Ed Schools: Undermining Accountability?

by Robert Pondiscio
February 11th, 2008

ednews.orgGeorge Cunningham throws down a gauntlet at the feet of state policy makers in an interview with Michael F. Shaughnessy of ednews.org, noting that ed schools are effectively thwarting standards-based education and accountability.

A former professor in the Department of Educational and Counseling Psychology at the University of Louisville, Cunningham, recently issued a paper critical of teacher training at education schools in North Carolina and nationwide. While the public and policy-makers demand greater accountability, ed schools “do not think that academic achievement is an important purpose for schools,” he says. “They are committed to the achievement of a set of non-academic goals such as diversity, technology, critical thinking skills, and social justice.”

In plain but powerful terms Cunningham describes the disconnect between the accountability message being preached by the public and policy-makers and what new teachers are bringing to their jobs. “Newly minted teachers come out of education schools either with no awareness of the importance of academic achievement tests or with an acquired hostility towards them,” he notes, calling the situation “unsustainable.”

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Just Win, Baby!

by Robert Pondiscio
February 11th, 2008

Back in the day, the key to being a successful principal was to be a successful politician. Now, says Nelson Coulter, principal of Hendrickson High School in Pflugerville, Texas they’re like coaches. “You have to win,” he says.

Austin American StatesmanThe insightful quote is from a Austin American-Statesman piece on principal turnover. School districts nationwide are finding it harder to hold on to principals as standards get tougher and the list of demands from the state and federal governments gets longer. In Texas, the paper reports, “about 61 percent of high school principals leave their schools or the field within three years; by the fifth year, that figure increases to 76 percent.”

“We know that school reform takes time — much more than one year’s time,” says Ed Fuller, associate director of the University Council for Educational Administration at the University of Texas. “If a principal leaves within three to five years, the principal’s vision for reform is left incomplete. Over time, teachers become jaded and simply ignore the reform effort….Teachers believe the principal will leave and all of their efforts will be wasted.”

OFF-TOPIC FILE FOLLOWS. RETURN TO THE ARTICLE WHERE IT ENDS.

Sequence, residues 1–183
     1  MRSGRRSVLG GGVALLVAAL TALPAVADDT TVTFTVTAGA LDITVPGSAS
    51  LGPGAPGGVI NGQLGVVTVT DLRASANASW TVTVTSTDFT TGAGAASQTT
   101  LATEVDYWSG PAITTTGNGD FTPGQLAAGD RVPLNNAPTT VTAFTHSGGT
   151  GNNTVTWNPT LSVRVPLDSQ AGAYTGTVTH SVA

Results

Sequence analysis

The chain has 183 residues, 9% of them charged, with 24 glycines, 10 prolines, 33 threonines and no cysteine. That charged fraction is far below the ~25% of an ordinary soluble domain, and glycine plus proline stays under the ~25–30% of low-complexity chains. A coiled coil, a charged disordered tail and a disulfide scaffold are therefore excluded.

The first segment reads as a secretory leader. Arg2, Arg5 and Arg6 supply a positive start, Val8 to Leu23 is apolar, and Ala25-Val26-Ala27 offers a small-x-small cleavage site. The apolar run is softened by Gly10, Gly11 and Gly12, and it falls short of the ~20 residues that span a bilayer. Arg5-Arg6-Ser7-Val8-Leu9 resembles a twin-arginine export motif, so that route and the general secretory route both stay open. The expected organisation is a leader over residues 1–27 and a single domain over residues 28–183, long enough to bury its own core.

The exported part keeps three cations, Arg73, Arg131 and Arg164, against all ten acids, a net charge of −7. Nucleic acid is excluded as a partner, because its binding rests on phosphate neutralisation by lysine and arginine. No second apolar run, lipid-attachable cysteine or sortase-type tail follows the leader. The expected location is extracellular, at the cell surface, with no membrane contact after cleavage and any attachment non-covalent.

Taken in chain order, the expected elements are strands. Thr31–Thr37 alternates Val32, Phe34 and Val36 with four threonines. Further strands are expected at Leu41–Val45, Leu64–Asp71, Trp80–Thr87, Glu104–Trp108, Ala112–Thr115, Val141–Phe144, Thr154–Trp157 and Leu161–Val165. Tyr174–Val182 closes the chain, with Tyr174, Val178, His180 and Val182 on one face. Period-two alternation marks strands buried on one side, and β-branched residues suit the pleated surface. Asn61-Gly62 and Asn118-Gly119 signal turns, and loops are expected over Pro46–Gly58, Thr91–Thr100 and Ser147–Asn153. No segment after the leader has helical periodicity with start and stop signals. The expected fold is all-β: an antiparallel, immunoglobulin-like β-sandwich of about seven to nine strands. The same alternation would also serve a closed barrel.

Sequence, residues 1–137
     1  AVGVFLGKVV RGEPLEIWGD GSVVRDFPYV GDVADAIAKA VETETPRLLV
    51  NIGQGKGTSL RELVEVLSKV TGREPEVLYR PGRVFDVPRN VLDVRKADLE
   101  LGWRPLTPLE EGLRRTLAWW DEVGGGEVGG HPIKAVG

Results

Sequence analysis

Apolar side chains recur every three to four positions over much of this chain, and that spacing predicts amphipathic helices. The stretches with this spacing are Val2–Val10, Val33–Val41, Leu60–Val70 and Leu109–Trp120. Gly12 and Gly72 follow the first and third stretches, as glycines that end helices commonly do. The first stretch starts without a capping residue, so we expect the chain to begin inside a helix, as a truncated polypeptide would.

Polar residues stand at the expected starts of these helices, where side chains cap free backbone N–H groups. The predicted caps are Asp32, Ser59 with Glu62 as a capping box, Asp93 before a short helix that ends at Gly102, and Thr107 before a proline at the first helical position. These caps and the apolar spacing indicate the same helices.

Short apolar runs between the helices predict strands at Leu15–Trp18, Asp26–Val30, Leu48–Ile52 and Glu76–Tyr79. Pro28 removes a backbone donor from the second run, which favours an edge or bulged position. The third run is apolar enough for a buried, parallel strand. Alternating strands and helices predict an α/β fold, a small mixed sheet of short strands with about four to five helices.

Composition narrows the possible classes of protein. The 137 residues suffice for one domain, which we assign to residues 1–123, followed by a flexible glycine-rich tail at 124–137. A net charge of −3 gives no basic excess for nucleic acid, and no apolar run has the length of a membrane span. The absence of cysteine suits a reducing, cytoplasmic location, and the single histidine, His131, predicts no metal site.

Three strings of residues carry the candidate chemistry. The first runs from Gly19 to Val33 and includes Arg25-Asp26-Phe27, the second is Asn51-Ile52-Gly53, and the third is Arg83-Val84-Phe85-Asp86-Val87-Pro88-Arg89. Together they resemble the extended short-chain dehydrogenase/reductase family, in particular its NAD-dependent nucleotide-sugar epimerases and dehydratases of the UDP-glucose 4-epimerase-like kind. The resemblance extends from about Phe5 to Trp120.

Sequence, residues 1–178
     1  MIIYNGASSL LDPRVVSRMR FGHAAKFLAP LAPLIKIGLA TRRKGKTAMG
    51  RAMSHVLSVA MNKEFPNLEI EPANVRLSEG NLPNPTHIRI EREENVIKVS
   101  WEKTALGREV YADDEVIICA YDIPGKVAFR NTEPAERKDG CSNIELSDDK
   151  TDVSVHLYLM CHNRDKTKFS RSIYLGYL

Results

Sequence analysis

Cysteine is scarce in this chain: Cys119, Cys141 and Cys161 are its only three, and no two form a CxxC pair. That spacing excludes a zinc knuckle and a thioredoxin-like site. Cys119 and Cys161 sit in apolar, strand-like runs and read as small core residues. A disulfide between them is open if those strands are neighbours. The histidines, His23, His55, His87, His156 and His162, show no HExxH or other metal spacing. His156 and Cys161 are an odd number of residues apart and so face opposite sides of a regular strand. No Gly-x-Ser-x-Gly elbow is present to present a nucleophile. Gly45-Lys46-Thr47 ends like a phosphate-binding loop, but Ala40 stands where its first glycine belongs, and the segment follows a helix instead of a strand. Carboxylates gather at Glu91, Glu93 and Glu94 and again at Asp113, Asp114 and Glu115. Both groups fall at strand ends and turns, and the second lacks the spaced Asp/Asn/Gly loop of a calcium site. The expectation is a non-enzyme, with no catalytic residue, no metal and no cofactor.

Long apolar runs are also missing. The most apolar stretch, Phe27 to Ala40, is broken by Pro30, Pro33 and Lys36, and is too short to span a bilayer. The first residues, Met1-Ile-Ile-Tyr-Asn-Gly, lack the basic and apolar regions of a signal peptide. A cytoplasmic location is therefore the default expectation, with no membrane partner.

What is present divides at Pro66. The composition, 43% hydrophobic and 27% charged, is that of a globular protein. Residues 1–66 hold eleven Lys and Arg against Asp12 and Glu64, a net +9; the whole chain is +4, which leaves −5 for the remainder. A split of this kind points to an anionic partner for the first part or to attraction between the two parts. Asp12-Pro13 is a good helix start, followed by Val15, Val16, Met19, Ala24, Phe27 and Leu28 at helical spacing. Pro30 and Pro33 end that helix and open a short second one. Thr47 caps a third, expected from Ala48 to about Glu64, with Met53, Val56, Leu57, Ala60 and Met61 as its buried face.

Plus, while principals put pressure on teachers to deliver accountability outcomes, teachers rarely lose their jobs over low accountability ratings, Fuller notes. “Principals do.”

Fast Times at Gizmo High

by Robert Pondiscio
February 11th, 2008

The Washington PostPatrick Welsh, a 30-year veteran English teacher, goes to work every morning at one off the most expensive school buildings ever constructed. Opened last September, the $98 million T.C. Williams High School in Alexandria, Virginia has “a cafeteria that looks like something out of an upscale mall” and its classrooms are packed with every technological gadget a teacher could imagine.

“So you’d think T.C. teachers would be ecstatic,” writes Welsh in the Washington Post. “But it’s just the opposite — faculty morale is the lowest and cynicism the highest I’ve seen in years. The problem? What a former Alexandria school superintendent calls ‘technolust’ — a disorder affecting publicity-obsessed school administrators nationwide that manifests itself in an insatiable need to acquire the latest, fastest, most exotic computer gadgets, whether teachers and students need them or want them. Technolust is in its advanced stages at T.C., where our administrators have made such a fetish of technology that some of my colleagues are referring to us as “Gizmo High.”

Welsh wonders whether all the gadgetry is actually getting in the way. “The big question isn’t whether teachers like spending their time learning one new gizmo after another,” he writes, “but whether a parade of new technologies will help kids learn. From what I can see, that’s not the case.”